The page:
Article: Is this anime?
Is this anime?
One of this questions some people will ask when they see an animated show on television is "Is this anime?" This may sound like an odd question but it is suprisingly common. The idea in debate is what does the word anime really mean. There are two different answers to the question. The first is that anime means only animated works made in Japan. The other is that anime is simply the Japanese word for any animated work. What puzzles me is that either way the question shouldn't matter. Rejecting a show like a vegetarian who has just discovered meat in her food just because it wasn't made in Japan is pretty weird when you come to think of it.
It is a generally held belief that the Japanese produce better works of animation than other countries. I would tend to agree but the reasons while they do so are based on two things that make them different. The first is that they will use animation for any story rather than simply doing kid's shows. The second is that they use more of the country's artistic talent to make such works than other countries. While other countries may have artists who can draw as well as the Japanese, they tend to be lacking in story writing and voice acting. The result is the Japanese will produce the full gamut of artistic works in the animated form while others are limited by their self imposed assumptions.
Exposure to anime in other countries is starting to break down the first part of the argument. When an artist sees someone else do better than him or herself the natural thing to do would be to see why they are consistently better than the artist in question and try to adapt their own work to what they have learned by watching others. Some may call this Americans and other stealing from the Japanese but it isn't the crime that the word implies. In fact the only reason that things are conventions in anime is because the Japanese artists have ‘stolen' ideas from other Japanese artists.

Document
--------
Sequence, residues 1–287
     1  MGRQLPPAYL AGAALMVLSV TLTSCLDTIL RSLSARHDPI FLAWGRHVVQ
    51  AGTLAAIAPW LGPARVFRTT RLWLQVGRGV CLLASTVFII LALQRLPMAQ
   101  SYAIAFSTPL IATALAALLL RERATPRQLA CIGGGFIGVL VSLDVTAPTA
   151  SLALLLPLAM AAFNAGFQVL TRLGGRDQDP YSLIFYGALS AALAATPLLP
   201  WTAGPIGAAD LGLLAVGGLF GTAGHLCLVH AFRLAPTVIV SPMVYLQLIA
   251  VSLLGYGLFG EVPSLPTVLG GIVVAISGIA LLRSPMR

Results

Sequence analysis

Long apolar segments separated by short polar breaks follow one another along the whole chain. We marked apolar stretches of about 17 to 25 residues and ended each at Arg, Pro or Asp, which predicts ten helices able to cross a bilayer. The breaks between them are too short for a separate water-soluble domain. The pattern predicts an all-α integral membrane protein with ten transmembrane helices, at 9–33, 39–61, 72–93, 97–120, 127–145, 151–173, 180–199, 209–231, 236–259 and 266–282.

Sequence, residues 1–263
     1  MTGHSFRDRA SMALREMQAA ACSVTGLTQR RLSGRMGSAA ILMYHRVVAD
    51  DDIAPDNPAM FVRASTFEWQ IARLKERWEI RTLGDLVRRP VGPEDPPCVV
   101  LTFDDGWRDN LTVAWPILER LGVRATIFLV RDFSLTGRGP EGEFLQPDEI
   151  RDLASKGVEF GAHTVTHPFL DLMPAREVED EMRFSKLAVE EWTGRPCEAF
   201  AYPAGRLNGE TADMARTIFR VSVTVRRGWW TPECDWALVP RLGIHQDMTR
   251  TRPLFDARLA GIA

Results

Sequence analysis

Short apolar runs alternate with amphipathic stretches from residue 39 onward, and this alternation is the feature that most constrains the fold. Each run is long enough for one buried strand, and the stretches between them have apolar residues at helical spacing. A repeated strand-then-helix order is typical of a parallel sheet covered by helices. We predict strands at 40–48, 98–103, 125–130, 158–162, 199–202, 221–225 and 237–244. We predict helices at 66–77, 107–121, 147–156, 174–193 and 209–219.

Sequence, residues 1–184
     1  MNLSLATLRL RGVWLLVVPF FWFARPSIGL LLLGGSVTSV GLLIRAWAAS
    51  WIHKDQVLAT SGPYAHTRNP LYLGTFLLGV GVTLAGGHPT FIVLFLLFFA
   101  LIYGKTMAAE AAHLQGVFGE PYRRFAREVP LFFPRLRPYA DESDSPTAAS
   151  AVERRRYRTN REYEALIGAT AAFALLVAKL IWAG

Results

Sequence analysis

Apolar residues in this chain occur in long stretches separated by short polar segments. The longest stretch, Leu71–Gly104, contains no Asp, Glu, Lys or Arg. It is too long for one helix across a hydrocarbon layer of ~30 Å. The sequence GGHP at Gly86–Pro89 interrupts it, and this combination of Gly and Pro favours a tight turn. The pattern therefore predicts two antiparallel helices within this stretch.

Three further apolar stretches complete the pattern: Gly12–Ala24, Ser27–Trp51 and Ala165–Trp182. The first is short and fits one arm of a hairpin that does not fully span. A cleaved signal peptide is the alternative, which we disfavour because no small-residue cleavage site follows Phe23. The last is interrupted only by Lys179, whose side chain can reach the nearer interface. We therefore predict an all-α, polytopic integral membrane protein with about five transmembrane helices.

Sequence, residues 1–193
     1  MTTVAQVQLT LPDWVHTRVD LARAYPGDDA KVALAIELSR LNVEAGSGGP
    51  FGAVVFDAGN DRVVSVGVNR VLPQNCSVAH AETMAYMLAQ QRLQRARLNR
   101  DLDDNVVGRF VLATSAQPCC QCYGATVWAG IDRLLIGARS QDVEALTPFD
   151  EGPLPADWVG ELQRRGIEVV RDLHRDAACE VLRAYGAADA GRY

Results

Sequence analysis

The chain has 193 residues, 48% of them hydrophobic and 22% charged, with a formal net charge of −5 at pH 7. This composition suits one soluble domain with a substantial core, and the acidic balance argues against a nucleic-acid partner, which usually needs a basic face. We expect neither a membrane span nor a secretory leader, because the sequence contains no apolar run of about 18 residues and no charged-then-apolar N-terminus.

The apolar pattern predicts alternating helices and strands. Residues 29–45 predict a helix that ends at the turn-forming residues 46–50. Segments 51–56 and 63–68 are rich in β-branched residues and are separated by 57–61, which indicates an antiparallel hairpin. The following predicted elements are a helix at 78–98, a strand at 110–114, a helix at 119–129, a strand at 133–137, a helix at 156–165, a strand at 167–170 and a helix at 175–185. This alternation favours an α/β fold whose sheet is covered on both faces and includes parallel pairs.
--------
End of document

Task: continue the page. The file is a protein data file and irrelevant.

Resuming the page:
Contemporary American animation is improving in terms of creativity and thematic importance. The people in charge of the animation studios are big suits that are resistant to change but this is breaking down a bit especially as anime's popularity is providing stiff competition. The biggest changes I have seen is in the Warner Brothers studio under the banner of cartoon network. Two shows in particular stand out. The first is Justice League. Unlike earlier super hero shows the latest version of Justice league is expanding the length of their stories, to allow for more complex plots. The length of plots has long been one of the biggest stumbling blocks of American animation. The other show would be Samurai Jack. While the plots are very cliché, Samurai jack has a very innovate art style and it is very interesting to watch a show that places as much focus on cinematography as Samurai Jack does.
As for my answer to the question I posed at the beginning of the article I would have to say I take the second view. As such I am announcing a policy change in Anifanatikku. Anifanatikku will review animated works regardless of the country they come from. While we will still focus on Japanese works and I won't be reviewing the next Disney movie any time soon I won't sweat over the fact that something is made outside of Japan. It is my belief that an otaku should not ask is this anime but instead ask is this any good.